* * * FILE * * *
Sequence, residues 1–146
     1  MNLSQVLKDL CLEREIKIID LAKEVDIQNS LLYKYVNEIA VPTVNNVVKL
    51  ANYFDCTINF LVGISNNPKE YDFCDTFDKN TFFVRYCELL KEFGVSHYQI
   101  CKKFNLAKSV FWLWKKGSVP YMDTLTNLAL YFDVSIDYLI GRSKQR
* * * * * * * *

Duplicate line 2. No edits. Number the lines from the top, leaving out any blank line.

     1  MNLSQVLKDL CLEREIKIID LAKEVDIQNS LLYKYVNEIA VPTVNNVVKL